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 Income Payments Agreements, Income Payments Orders
 Income Payments Agreements
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Junior Member

United Kingdom
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Posted - 23 March 2007 :  17:15:40  Show Profile  Reply with Quote

December 2006

31.7.2 Introduction to the IPA

Provision is made by section 310A [note 1] for the trustee or the official receiver and the bankrupt to enter into a written agreement that the bankrupt, or a third party on behalf of the bankrupt, will make regular payments of a specified amount or proportion of the bankrupt’s income into the estate for a specified period. An Income Payments Agreement (IPA) is a binding agreement, the terms of which are enforceable as though it were an Income Payments Order (IPO).

The agreement must specify the period during which it is to have effect , which may end after the date of discharge, but which may not exceed a period of three years, beginning with the date on which the agreement was made. [note 2]

An IPA can be agreed early on in the proceedings as the official receiver can set up the agreement where appropriate even before he/she is trustee, the legislation providing that the IPA can be agreed between the bankrupt and the trustee or between the bankrupt and the official receiver.

An IPA can only be entered into prior to the discharge of the bankrupt [note 3] and only comes in to force when the official receiver or trustee signs it [note 4]. This means that in order to ensure the IPA is valid, the agreement must be signed by the trustee or official receiver prior to discharge. The bankrupt can be allowed up to 14 days (or longer, if specified by the official receiver) to sign and return the agreement [note 5] and the policy of the Service is to allow a 14 day "cooling off" period after the bankrupt has signed the agreement (see paragraph 31.7.42). The official receiver should sign and date the agreement at the earliest opportunity, as soon as the relevant time period has elapsed, in order to validate the IPA [note 6]. It is especially important to allow enough time for the IPA to be validated where an application is to be made for early discharge (see paragraph 31.7. 39).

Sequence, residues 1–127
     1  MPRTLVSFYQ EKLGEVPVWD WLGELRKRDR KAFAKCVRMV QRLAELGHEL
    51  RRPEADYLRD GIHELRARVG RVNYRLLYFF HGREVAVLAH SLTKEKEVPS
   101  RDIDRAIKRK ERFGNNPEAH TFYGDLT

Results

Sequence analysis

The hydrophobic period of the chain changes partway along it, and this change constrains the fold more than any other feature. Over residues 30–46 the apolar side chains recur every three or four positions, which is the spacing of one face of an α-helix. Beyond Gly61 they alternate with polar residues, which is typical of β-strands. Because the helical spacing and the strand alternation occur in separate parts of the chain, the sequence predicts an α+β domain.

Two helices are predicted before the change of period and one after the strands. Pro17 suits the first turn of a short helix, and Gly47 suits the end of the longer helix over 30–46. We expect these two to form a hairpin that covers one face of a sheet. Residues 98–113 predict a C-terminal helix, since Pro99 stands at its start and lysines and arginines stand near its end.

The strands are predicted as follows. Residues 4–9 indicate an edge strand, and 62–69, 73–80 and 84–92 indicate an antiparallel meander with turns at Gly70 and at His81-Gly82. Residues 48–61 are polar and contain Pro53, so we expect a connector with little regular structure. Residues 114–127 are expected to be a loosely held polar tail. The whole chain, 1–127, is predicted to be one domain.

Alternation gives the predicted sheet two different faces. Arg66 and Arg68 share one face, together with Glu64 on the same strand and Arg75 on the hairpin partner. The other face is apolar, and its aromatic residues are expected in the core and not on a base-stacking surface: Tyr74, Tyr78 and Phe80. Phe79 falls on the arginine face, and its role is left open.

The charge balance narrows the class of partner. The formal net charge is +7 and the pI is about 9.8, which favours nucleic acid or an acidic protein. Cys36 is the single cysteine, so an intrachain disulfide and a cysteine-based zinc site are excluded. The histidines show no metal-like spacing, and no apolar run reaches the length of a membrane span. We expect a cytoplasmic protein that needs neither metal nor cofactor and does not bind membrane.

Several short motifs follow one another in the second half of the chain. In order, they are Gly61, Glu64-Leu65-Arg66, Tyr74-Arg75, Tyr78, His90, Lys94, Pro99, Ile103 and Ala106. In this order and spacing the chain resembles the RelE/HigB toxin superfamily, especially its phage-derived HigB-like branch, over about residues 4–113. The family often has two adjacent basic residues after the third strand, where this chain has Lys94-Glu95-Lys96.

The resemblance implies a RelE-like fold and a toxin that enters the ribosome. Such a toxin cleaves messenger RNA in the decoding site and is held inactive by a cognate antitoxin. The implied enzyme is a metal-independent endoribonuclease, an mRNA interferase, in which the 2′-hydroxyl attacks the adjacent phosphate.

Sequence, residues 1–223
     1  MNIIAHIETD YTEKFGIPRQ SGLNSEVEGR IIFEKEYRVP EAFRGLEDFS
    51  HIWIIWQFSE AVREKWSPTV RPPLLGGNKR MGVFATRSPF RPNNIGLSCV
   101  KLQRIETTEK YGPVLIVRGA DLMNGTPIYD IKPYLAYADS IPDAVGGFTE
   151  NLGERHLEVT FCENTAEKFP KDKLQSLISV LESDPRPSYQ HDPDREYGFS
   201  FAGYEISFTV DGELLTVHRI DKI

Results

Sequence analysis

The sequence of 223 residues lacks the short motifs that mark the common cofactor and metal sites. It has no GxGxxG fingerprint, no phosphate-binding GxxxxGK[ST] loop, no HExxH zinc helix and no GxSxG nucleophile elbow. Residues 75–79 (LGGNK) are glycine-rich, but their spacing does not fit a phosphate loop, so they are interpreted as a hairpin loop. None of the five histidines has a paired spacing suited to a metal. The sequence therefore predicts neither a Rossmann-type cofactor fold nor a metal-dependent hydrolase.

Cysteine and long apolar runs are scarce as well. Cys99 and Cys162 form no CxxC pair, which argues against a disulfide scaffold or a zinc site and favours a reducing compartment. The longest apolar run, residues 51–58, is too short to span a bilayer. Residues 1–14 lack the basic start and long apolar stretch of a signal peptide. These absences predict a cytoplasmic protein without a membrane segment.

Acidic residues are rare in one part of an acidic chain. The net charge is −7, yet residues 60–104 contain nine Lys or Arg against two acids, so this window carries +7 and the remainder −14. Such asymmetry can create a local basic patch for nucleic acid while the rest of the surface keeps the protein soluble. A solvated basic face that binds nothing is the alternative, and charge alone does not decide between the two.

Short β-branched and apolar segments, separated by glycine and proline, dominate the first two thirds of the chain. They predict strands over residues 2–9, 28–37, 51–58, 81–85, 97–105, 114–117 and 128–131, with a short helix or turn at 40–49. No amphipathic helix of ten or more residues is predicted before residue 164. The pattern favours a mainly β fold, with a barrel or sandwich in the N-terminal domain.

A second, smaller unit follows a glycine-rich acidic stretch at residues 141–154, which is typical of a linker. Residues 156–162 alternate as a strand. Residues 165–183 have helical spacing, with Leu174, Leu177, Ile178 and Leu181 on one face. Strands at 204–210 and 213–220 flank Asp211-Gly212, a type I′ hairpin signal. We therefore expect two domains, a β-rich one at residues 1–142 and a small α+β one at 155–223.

31.7.3 Income

Section 310(7) [note 7] widely defines the income of the bankrupt for income payment order purposes as:-

"..every payment in the nature of income which is from time to time made to him or to which he from time to time becomes entitled, including any payment in respect of the carrying on of any business or in respect of any office or employment..".

This definition also applies to income of the bankrupt when considering an income payments agreement. [note 8]

Despite the provisions of the Welfare Reform and Pensions Act 1999, payments received by the bankrupt under a pension scheme whilst he/she remains undischarged from bankruptcy, should be included in any IPA calculation (see Chapter 61, Pension Schemes, paragraph 61.10).

The exceptions to this are:

a) payments by way of guaranteed minimum pension, that is any pension provided by an occupational pension scheme in accordance with the requirements of the Pension Schemes Act 1993 [note 9]; and

b) payments giving effect to the bankrupt’s protected rights as a member of a pension scheme.

For more information regarding occupational pension schemes, guaranteed minimum pensions and protected rights see Chapter 61, Pension Schemes, paragraphs 61.3 and 61.26 – 61.31.

31.7.4 Reasonable domestic needs

In assessing the amount the bankrupt is able to pay under an income payments agreement, the official receiver or trustee must make allowance for the "reasonable domestic needs" of the bankrupt and his/her family in the same way as would be considered for an income payments order [note 10]